Rushed Reactions: #7 Duke 63, Clemson 62

Posted by Matt Patton on March 15th, 2014

rushedreactions

Three Key Takeaways.

Brad Brownell showed us he knows a thing or two about coaching this season.

Brad Brownell showed us he knows a thing or two about coaching this season.

  1. Don’t trust Duke in the NCAA Tournament. This is admittedly a harsh assessment, and the Blue Devils certainly deserve to be listed among the contenders for the title. When they’re hot, they’re borderline unbeatable. And they have a deep rotation of skilled offensive players. But their defense has serious issues. Duke gave up points on nine straight possessions after going up by 13 points in the second half. They scored some too, so it didn’t look like a dominant Clemson run by any means, but what should have been the time Duke put the Tigers away became the time Clemson held on to challenge for the game. Clemson’s offense is mediocre. Those kinds of runs can’t happen, but they’re beginning to seem like standard second half occurrences with this Duke team.
  2. On the other hand, Duke rebounded really, really well. Unlike defense, many concerns people have with Duke don’t make a lot of sense. This is a very good rebounding team, especially when shots aren’t falling like on Friday night. Amile Jefferson is both a capable offensive player — benefitting from not being the focal point of opposing defenses — and a force on the glass. His and Jabari Parker‘s post games mean Duke has no trouble scoring down low. Jefferson has grown a lot over the course of this season. Remember, during the first half of this season, Josh Hairston was playing comparable minutes to Jefferson (and Marshall Plumlee wasn’t playing at all). As a side note, Quinn Cook’s development has flat-lined — for whatever reason he can’t find much consistency. Offensively, I think point guard play is Duke’s biggest concern going forward. Read the rest of this entry »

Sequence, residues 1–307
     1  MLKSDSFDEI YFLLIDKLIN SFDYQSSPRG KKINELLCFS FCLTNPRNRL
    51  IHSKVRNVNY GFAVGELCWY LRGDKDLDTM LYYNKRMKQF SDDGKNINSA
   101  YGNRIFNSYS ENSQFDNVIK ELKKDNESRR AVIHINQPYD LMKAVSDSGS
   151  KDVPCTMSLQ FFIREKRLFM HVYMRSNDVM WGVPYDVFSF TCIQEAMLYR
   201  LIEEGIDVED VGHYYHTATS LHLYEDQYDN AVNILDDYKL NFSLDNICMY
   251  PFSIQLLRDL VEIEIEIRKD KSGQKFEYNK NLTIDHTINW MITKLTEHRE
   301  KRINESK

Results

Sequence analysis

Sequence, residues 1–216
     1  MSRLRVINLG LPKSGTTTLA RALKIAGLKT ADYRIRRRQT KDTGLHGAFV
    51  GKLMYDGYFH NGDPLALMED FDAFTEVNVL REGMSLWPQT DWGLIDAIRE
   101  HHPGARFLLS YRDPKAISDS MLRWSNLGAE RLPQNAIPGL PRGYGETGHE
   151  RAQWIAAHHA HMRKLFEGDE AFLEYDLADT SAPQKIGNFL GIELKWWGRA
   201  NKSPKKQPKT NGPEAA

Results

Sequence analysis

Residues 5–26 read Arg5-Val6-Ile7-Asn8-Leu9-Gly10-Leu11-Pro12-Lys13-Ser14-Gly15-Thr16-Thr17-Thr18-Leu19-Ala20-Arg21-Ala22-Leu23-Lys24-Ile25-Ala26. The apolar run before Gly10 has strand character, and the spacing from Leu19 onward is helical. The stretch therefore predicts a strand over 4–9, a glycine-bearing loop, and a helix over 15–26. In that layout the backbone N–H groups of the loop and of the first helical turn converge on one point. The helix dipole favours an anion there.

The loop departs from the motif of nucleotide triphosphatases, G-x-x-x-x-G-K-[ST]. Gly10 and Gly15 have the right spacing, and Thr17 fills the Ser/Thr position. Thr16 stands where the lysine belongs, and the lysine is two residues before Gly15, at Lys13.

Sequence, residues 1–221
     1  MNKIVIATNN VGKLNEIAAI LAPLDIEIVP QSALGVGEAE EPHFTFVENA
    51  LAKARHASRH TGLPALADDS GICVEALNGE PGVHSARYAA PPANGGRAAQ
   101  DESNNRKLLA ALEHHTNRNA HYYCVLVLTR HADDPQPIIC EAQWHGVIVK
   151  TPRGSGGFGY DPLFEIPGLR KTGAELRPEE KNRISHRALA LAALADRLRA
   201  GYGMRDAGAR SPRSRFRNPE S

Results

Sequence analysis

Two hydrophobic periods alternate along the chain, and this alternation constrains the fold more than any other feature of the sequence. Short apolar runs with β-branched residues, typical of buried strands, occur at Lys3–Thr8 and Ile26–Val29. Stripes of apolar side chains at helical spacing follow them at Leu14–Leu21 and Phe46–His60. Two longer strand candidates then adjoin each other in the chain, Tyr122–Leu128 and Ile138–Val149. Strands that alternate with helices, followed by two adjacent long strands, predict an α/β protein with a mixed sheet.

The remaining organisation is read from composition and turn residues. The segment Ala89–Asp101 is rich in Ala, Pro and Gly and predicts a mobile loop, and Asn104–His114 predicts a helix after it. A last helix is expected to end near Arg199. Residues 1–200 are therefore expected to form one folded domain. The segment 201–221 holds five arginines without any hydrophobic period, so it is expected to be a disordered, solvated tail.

Share this story

Amile Jefferson Channels His Inner Zoubek

Posted by Chris Kehoe on February 4th, 2014

He knew he had it within him all along. The skinny 6’9” “power” forward from Philadelphia had always played with an infectious sense of energy — the quintessential ‘hype man’ for Duke. But in Amile Jefferson’s freshman season, he primarily logged spot duty minutes at a clip of about 13 minutes per game. Stuck behind senior frontcourt leaders Ryan Kelly and Mason Plumlee, Jefferson struggled to get into a groove and find a defined role in Duke’s system. Coming into this year, the 2012 McDonald’s All-American made it his business to add weight to his frame so he could take advantage of a vacuum of low-post talent in the frontcourt.